Book of the Week
WE ARE THE SHIP
The Story of Negro League Baseball
By Kadir Nelson
Ages 8 and up
Author and artist Kadir Nelson spent more than seven years researching, writing and illustrating this book. His effort shows on each page.
African Americans have "been playing baseball for a mighty long time," he writes in a folksy, first-person style that easily transports the reader back through time. You'll feel as if you are in the dugout with Satchel Paige, Josh Gibson and a host of players you've never heard of.
They come alive, too, in Nelson's colorful illustrations. There's a new one with each flip of the page. "Powerful paintings," Hall-of-Famer Henry Aaron calls them.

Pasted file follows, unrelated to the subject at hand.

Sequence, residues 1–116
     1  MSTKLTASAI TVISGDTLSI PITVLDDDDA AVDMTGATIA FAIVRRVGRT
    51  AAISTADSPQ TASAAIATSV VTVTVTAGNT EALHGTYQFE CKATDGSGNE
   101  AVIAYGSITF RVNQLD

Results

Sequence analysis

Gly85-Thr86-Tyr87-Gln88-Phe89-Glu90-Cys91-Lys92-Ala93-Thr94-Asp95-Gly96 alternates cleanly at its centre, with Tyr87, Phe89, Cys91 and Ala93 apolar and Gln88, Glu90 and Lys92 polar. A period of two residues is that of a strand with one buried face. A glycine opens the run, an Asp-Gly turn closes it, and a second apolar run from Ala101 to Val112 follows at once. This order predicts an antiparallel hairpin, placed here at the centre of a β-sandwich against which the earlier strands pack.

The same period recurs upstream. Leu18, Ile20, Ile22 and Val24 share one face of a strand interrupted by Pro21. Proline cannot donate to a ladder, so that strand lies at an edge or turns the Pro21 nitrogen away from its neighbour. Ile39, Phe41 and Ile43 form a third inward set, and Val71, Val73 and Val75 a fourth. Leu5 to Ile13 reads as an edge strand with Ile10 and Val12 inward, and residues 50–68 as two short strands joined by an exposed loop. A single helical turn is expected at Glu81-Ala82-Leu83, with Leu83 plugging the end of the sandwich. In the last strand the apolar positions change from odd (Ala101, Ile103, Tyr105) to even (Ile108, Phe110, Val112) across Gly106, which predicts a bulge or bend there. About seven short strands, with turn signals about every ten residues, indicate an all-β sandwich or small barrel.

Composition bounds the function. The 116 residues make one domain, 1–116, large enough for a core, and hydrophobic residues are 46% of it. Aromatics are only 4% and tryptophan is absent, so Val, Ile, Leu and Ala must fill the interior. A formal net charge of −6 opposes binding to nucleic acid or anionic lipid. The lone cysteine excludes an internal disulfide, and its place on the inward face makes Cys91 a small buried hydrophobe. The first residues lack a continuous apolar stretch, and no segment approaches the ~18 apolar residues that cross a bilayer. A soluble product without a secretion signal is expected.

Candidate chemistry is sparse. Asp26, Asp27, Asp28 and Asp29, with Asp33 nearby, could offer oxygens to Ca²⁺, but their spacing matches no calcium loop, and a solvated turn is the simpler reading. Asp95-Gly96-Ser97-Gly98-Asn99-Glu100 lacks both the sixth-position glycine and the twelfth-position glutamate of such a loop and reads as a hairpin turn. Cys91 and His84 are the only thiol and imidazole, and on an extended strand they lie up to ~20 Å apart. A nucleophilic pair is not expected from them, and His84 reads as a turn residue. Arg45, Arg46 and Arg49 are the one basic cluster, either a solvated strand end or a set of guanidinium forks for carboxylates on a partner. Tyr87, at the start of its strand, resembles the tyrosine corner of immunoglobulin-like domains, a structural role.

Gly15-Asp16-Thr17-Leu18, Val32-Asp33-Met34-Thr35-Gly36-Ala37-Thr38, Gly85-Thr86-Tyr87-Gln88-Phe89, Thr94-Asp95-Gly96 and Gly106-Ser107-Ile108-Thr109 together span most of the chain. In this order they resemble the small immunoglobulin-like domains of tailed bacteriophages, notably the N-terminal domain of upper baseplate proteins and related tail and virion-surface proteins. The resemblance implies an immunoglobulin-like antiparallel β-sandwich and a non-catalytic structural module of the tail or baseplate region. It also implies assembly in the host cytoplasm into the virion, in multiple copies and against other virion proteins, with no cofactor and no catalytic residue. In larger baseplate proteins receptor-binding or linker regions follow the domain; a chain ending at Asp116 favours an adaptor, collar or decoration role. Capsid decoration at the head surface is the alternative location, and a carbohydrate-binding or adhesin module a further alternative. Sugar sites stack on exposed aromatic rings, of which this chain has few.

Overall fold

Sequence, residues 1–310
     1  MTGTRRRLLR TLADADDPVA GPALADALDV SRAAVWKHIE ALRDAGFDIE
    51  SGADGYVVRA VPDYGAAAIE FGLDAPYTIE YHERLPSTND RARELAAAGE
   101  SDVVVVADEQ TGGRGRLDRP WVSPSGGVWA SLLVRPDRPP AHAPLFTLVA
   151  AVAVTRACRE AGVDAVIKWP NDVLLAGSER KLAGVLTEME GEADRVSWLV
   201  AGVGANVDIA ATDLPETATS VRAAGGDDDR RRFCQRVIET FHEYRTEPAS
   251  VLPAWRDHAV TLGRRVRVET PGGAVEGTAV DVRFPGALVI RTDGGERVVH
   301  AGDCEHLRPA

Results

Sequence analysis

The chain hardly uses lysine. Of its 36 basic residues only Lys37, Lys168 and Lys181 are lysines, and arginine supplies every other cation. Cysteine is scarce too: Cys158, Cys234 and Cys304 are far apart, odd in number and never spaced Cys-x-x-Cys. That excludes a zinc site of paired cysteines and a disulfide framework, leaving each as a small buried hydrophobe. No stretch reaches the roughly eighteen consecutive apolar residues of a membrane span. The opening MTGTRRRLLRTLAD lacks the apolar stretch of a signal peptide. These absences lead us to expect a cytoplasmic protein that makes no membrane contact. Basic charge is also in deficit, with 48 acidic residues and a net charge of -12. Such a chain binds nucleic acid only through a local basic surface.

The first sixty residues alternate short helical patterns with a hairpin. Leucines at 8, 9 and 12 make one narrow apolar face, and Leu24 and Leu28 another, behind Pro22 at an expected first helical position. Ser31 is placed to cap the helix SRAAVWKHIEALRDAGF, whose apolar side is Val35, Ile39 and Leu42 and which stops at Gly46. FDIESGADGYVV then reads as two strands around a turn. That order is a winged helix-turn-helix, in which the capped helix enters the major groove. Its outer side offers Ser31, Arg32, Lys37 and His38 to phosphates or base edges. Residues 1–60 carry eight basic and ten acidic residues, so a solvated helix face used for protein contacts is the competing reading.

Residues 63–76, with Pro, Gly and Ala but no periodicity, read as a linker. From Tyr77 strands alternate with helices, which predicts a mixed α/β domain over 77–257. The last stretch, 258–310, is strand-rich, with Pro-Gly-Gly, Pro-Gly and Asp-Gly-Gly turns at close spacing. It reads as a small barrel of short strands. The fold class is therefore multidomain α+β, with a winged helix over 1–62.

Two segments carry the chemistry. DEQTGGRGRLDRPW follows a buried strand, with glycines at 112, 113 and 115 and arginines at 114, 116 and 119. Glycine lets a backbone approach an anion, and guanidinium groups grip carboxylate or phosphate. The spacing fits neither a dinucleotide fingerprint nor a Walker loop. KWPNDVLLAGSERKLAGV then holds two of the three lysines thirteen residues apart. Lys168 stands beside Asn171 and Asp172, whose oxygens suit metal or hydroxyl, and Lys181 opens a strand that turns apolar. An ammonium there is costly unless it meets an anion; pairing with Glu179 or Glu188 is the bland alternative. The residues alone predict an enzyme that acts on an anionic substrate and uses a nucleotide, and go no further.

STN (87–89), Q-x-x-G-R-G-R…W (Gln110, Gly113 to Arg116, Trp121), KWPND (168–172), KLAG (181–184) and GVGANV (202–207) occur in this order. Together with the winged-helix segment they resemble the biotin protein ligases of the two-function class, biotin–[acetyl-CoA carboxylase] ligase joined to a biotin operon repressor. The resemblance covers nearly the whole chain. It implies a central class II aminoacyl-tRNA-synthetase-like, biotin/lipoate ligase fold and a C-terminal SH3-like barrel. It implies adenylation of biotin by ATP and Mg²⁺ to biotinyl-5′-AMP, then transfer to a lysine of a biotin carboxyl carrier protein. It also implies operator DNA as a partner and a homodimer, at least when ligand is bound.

The story is powerful as well. The title comes from Andrew "Rube" Foster, who founded the Negro National League in 1920. "We are the ship; all else the sea," he said, meaning that the new league would set its own course.
It had to, because many whites were not ready to accept Negroes, as they were then known, as equals. Players traveled by bus (often without being able to clean up after a game) and might ride hundreds of miles without a meal or a bed because restaurants and motels wouldn't serve them. They were paid much less than whites, and they sometimes arrived for a game only to find that the field was little more than a cow pasture.
They loved the game, which didn't always love them back. This book helps make up for that.
-- Marylou Tousignant